What is Adaptive Routing?

In adaptive routing, intermediate nodes can take the actual network conditions, including the presence of deterioration or bottlenecks, into account and decide accordingly which neighbor the message should be transmitted. Adaptive routing scheme can be either profitable or misrouting according to the selection of the output channel. In profitable routing, only channels that are known to be guaranteed to move closer to the destination are candidates for selection.

Profitable routing represents a conservative view. Misrouting protocols rely on an optimistic view and can use both profitable and non-profitable channels for establishing a path between the source and destination. Selecting a non-profitable channel optimistically assumes that it will lead the message to a free set of profitable channels, allowing a further advance towards the destination.

The advantage of profitable protocols are as follows −

  • They result in a minimum-length path.
  • They are free from livelock.
  • It can create it accessible to prove deadlock freedom.

Misrouting protocols are advantageous when faulty channels are present in the network. Under such conditions misrouting protocols have a higher chance of finding an appropriate path.

Adaptive routing schemes can be further divided into progressive or back-tracking protocols. In progressive routing, messages cannot step backward on the path they have already followed.

Conversely in the backtracking scheme, messages can backtrack and systematically explores all possible paths between the source and destination nodes. The message header must contain some status information to avoid a repetitive search of the same path and hence livelock freedom is assured.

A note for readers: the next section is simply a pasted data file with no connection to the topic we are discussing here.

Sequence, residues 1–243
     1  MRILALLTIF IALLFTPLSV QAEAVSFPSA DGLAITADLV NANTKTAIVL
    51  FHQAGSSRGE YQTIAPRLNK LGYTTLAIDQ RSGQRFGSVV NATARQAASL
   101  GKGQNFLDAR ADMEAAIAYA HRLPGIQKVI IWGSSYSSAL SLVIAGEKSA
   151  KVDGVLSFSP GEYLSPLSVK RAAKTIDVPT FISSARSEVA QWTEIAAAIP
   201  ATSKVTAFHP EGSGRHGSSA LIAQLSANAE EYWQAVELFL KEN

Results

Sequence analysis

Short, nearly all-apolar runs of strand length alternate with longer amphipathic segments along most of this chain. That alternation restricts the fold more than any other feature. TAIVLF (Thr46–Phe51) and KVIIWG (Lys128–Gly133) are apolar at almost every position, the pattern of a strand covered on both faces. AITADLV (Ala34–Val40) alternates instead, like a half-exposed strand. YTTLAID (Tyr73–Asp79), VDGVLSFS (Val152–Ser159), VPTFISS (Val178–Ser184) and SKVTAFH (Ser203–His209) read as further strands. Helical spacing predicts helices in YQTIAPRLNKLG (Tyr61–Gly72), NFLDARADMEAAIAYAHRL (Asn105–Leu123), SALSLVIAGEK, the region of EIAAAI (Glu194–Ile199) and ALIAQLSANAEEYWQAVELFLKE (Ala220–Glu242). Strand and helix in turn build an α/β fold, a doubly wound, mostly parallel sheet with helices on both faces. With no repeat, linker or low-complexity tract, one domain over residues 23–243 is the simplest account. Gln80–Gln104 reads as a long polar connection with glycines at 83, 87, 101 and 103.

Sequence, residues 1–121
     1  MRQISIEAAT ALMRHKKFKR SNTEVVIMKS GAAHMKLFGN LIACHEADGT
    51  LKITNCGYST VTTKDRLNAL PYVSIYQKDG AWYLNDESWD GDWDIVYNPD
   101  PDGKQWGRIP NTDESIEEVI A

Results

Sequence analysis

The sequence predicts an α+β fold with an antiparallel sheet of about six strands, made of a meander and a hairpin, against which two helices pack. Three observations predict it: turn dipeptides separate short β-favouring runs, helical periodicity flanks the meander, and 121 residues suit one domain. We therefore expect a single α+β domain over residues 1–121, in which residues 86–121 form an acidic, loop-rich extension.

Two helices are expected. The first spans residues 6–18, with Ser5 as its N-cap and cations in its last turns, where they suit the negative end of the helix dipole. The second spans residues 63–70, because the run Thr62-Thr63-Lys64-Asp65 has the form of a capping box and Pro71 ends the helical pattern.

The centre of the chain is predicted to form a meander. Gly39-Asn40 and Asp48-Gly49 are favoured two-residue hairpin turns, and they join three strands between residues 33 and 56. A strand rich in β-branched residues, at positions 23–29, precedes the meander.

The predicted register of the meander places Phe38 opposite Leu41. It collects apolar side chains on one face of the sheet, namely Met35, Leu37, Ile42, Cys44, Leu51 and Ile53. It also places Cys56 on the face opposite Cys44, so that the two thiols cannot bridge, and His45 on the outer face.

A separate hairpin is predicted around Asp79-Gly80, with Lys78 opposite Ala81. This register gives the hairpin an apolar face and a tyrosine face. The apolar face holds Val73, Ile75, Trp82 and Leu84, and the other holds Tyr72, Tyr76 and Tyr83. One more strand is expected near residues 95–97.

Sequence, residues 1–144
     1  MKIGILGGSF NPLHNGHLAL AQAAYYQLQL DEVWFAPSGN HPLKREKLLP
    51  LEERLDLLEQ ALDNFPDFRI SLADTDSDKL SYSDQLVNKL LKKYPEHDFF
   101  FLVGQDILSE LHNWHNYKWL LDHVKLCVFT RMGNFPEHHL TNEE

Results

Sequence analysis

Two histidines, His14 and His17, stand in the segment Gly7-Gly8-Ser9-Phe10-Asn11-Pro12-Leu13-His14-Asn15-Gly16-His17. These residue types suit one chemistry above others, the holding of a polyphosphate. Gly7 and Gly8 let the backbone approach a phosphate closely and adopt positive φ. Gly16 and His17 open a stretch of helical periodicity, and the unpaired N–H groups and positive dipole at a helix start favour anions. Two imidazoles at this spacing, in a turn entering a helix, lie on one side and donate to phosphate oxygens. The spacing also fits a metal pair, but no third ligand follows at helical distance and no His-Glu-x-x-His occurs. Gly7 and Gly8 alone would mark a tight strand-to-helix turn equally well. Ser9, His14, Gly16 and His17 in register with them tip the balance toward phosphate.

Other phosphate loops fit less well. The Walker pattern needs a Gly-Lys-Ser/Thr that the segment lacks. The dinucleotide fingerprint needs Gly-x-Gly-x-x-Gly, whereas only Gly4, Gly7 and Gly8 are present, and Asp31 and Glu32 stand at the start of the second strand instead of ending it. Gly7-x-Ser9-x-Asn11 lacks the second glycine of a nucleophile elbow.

Backtracking schemes are also deadlock-free since they do not block holding resources. It can prevent a repetitive search of the same path, backtracking protocols store history information in the message header (or probe). Since the search space can be very large, especially in misrouting protocols, the header becomes too long, which significantly increases the latency time.

In circuit switching hardware support on each node can significantly reduce the header size. Each channel on each node of the multicomputer is supplied with a history bit vector which contains as many bits as there are channels available on the node. If a probe enters the node on channel K, the bits of history bit vector K contain information on the corresponding output channels. If the output channel has been tried the corresponding bits are high, otherwise it is low. An additional history bit vector is used on each node for administrating the probes that were created by the node itself.

If there is no free profitable channel at an intermediate node there are several alternative strategies to follow −

  • Progressive profitable routing waits until a profitable channel becomes free.

  • A progressive misrouting protocol tries a non-profitable free channel.

  • Backtracking routing steps backward and starts again at an earlier node.